This list was inspired by Brad Nelson in another place, and their excellent idea of just smushing together the things which stood out in 2018 regardless of media or format or whatever else. In practice the list is distressingly limited in scope. It’s been a weird year, a year when time got away from me – a combination of sudden leaps forward in my work life and huge challenges as a parent and a human being. My will to express myself atrophied. Of course I have regrets about that. But culture can be a comfort as well as a challenge, and that’s what I needed last year.

But last year is over. I’m starting up my album-a-day project again, to be mainly documented on a new Tinyletter I’m setting up, which will have brief notes on those and on other things I bump into. You can subscribe to that at if you like.

Here are some bits of flotsam from 2018, in the order they occurred to me.

1. “Gender And Private Property In 20th Century Pop” (Talk by Dr Robin James, Popcon 2018)

I didn’t grasp all of this talk when I heard it at PopCon this April at the EMP. I still haven’t grasped it all. But ideas from it kept niggling at me, cropping up in the most unexpected places – often at my day job. In terms of pop, it offers a provocative explanation for one of its most distressing and confounding recent developments – the flattening out of pop, the demise of tension and release structures. More usefully for my everyday life, it gave me a route to expressing my subsurface tension around the idea of corporate wokeness – why all those acclaimed ads and campaigns I agreed with on the surface left me feeling unsatisfied and uncomfortable.

2. Stardew Valley (Videogame, multiple platforms, 2017)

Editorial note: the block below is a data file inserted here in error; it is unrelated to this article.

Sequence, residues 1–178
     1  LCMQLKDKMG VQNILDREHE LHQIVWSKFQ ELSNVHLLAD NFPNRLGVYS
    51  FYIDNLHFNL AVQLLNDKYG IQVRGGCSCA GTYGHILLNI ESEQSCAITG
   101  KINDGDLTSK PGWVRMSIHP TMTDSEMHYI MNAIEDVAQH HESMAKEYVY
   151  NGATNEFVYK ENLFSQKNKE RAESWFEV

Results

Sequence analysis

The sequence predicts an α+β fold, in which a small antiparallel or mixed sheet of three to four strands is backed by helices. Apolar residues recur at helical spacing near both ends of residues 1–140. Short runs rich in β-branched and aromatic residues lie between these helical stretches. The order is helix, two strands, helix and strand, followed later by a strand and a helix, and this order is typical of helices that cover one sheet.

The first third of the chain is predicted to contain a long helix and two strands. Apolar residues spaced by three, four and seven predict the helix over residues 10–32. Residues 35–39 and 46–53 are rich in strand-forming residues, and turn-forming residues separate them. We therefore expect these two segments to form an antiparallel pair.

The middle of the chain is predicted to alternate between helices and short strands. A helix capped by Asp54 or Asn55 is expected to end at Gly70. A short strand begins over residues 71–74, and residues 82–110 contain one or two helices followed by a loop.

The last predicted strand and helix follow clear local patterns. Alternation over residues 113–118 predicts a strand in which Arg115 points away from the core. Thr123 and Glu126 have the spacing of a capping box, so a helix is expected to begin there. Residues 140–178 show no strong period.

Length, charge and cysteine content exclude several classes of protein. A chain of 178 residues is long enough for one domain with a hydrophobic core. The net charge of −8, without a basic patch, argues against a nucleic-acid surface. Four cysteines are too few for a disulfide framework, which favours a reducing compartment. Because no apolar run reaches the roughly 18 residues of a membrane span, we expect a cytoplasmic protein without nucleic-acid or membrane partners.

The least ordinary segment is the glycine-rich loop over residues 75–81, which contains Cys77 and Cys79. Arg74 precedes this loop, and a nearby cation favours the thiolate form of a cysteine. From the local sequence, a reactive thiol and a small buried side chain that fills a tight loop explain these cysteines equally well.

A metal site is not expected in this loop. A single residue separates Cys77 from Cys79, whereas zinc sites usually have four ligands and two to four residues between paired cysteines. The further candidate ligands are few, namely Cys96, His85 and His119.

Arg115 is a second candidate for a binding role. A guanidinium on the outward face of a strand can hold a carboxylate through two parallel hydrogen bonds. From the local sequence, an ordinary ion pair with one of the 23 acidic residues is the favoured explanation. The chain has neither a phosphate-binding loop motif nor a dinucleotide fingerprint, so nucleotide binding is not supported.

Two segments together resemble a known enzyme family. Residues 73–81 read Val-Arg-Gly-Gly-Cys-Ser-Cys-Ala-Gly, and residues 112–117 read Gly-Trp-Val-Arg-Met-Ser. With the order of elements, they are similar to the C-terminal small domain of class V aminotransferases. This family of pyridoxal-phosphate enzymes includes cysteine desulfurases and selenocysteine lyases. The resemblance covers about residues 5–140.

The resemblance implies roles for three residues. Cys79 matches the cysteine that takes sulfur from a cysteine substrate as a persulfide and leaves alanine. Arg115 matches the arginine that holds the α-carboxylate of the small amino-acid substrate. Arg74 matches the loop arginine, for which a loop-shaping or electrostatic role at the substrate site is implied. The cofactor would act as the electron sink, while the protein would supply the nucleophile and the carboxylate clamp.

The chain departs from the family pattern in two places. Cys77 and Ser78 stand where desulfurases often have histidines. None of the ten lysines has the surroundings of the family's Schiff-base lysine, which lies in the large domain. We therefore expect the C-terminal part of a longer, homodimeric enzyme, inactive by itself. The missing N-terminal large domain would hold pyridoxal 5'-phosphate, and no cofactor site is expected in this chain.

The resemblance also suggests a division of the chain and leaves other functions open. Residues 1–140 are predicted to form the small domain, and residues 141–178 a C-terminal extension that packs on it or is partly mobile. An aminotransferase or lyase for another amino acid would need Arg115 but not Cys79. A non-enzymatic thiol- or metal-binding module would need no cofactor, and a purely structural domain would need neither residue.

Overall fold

My wife got hooked on this early in the year. I resisted – no interest in farming games, no time for another videogame, or so I told myself. Perhaps if it had sold itself as an ethnography simulator it would have piqued my interest (and that of NOBODY ELSE). Then it came out on iOS, and that was it for me. Stardew Valley starts off as explicit wish-fulfilment for the foodie generation – drop out of your job with The Man and make artisanal jam and mayonnaise! (The Man’s clammy touch remains as a constant shadow/threat until the power of your homemade sushi and glazed yams drives it off) Gradually it becomes about the community you find yourself in, getting to know the various inhabitants over months and years by parsing their dialogue and trying to understand what they want. The game patiently builds a world out of everyday small-talk and its significance. And if you get pissed off with that you can always yomp over to the local mine and kill slimes all afternoon.

3. Sunday At The Village Vanguard (LP by Bill Evans, 1961)

This was one of the milestones in my first album-a-day project. Milestone because, on first listen, I was quite unmoved, then I posted the sleeve on Facebook and half my feed turned up to envy my luck in experiencing it for the first time. Something’s happening here and I don’t know what it is. So I downloaded it, and listened, and kept listening, and understood a little better each time. But only a little: I can project an imagined milieu onto the record; friends leading each other, and the audience, down criss-crossing tracks on a weekend afternoon. Gentle but warm applause, dust motes drifting and settling in shafts of autumn light, a record about how good it is to simply be present and listening in a moment.